Hey guys, I've been using Bitcoin Core Wallet on a clean windows 10 machine as my main bitcoin wallet. I don't want this thread to be about what wallet is safest, as I know there are better options than the Bitcoin Core Wallet. I recently opened port 8333 and verified the machine as an operational full node to help the network. My question is simply, did opening port 8333 add any additional risks to my bitcoin's security than a normal Bitcoin Core Wallet has without port 8333 being opened? Thanks guys!
You Really Ought to Run Bitcoin Core If You Own Any Bitcoin Anywhere
Just about everyone I know is now racing to buy bitcoin. That's great. I'm advising everyone to run Bitcoin Core if they've got some hard disk space - even if it's in pruned mode. Why? Because every node out there adds robustness to the network, validates each transaction, validates each block, relays blocks and transactions and makes any attack on bitcoin's network less feasible. So if you've got value stored in bitcoin, increase the strength and value of the network in a cheap way by running Bitcoin Core. NB: This is not to say you need to hold or even monitor your coins using bitcoin core, although it's very good for that too. It's just to say that you running bitcoin core is good for bitcoin and so is it's in your interest to do so.
PSA: Full nodes running Bitcoin Core version 0.11.1 or higher need to have port 8333 forwarded explicitly
Universal Plug and Play has been disabled by default from version 0.11.1 onwards. So if you're running Bitcoin Core as a full node and have recently upgraded to 0.11.1 or higher and were previously relying on UPnP to automatically forward port 8333, you now need to explicitly configure your router to forward that port. The reason for disabling UPnP by default was because a buffer overflow vulnerability was found (http://www.talosintel.com/reports/TALOS-2015-0035/) in the miniupnpc library (which I think has now been fixed), however it has been determined that the miniupnpc codebase likely contains further vulnerabilities, and so to be on the safe side UPnP has been diabled by default to prevent UPnP vulnerabilities being a structural danger to the network. See the release notes: https://bitcoin.org/en/release/v0.11.1 and the pull request: https://github.com/bitcoin/bitcoin/pull/6795 for more details.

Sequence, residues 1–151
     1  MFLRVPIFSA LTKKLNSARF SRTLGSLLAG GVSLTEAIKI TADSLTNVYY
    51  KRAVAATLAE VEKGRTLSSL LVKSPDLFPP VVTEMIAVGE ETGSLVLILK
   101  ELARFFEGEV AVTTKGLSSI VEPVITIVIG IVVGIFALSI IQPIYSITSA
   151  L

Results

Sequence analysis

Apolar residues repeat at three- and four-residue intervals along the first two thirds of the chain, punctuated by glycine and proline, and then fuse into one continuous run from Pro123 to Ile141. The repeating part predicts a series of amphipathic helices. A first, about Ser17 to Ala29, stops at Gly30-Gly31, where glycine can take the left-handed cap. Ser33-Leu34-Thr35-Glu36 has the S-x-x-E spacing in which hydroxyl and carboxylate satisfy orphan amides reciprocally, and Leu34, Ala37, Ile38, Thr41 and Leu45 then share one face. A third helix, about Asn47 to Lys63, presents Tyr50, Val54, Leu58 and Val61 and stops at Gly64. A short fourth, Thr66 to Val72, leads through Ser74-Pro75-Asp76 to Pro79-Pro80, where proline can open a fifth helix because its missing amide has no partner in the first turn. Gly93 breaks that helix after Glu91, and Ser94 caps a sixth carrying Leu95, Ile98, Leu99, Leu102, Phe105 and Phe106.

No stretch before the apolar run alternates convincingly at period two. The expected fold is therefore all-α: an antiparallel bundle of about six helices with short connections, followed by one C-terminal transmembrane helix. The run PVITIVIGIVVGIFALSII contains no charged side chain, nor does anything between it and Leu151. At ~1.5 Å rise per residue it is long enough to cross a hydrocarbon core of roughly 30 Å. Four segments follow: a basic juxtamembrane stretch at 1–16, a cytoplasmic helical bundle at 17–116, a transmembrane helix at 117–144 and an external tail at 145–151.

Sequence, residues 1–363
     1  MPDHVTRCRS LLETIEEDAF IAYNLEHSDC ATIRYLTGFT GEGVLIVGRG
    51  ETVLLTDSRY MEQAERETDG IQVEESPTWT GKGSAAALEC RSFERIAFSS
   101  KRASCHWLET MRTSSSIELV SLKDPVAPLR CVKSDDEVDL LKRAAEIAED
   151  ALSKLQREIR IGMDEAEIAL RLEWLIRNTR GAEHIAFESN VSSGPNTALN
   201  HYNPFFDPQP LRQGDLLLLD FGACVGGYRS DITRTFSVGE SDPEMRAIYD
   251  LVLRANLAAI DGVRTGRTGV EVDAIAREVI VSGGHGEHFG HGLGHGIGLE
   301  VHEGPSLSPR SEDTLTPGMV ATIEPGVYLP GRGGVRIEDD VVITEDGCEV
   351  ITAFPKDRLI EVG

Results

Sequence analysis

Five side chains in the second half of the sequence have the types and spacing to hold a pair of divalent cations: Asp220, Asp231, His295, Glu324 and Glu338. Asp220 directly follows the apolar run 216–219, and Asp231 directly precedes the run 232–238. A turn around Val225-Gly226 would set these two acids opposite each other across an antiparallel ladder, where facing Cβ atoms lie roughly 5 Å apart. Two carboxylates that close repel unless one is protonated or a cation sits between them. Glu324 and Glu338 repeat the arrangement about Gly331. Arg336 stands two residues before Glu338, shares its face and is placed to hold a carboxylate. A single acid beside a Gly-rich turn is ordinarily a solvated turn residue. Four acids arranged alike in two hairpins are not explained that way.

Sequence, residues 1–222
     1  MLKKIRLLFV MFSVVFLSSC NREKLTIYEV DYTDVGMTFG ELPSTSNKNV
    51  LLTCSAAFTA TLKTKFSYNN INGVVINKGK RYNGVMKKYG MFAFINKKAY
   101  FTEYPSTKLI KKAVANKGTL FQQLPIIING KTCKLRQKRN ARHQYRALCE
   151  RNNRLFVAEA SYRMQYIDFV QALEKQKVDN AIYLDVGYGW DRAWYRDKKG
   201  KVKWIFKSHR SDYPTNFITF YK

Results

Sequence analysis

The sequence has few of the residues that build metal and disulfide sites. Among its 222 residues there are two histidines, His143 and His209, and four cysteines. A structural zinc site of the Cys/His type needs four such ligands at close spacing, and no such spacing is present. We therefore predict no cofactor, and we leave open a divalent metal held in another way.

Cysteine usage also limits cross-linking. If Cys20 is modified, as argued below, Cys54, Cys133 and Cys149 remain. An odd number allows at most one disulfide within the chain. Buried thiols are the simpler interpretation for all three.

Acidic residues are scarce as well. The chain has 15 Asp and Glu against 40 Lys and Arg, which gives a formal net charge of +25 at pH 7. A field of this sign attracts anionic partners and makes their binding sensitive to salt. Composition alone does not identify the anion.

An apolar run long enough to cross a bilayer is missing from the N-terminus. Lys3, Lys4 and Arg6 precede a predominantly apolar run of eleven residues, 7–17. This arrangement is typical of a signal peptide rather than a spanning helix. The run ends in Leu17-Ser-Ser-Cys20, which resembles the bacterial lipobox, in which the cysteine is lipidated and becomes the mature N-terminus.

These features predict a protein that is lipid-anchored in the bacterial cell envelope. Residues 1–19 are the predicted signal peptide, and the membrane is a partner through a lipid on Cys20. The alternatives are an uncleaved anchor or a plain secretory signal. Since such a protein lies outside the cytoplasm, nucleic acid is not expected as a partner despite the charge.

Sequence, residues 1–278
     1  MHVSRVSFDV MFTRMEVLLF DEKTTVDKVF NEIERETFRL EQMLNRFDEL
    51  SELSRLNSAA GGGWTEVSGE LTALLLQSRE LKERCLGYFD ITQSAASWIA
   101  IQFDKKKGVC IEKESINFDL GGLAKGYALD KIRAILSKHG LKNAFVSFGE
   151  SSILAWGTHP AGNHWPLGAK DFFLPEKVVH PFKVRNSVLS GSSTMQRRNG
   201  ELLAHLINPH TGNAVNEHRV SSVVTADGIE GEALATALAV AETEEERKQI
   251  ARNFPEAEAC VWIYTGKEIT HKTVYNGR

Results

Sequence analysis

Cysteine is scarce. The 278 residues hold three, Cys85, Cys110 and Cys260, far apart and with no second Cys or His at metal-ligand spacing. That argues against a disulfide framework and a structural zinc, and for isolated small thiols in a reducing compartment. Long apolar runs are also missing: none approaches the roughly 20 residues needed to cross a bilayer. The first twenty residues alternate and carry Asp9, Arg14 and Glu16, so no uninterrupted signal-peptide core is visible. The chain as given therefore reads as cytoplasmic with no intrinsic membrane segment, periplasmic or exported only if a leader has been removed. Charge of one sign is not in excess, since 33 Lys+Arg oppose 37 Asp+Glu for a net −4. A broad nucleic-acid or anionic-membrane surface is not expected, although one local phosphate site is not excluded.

Click the large blue Download Bitcoin Core button to download the Bitcoin Core installer to your Downloads folder. Optional: Verify the release signatures. If you know how to use PGP, you should also click the Verify Release Signatures link on the download page to download a signed list of SHA256 file hashes. The 0.11 and later releases are signed by Wladimir J. van der Laan’s releases key w Bitcoin Core is a community-driven free software project, released under the MIT license. Verify release signatures Download torrent Source code Show version history. Bitcoin Core Release Signing Keys v0.8.6 - 0.9.2.1 v0.9.3 - 0.10.2 v0.11.0+ Or choose your operating system. Windows exe - zip. Mac OS X dmg - tar.gz. Linux (tgz) 64 bit. ARM Linux 64 bit - 32 bit. Linux (Snap Store) Support ... P2P Network¶. This section describes the Bitcoin P2P network protocol (but it is not a specification).It does not describe the discontinued direct IP-to-IP payment protocol, the deprecated BIP70 payment protocol, the GetBlockTemplate mining protocol, or any network protocol never implemented in an official version of Bitcoin Core.. All peer-to-peer communication occurs entirely over TCP. If you don't want to, you don't have to open ports at all. You'll still have a full node, it will just have fewer connections. Full nodes usually make 8 outgoing connections and can have many more incoming if you have the port open (for a total of 125 by default). Install Bitcoin Core on a machine with 100s of gigabytes of free space. Allow it to download the blockchain. This could take days. Replace the wallet.dat file on the new machine with your old one. Start Bitcoin Core on the new machine with the rescan flag, to scan the blockchain for your newly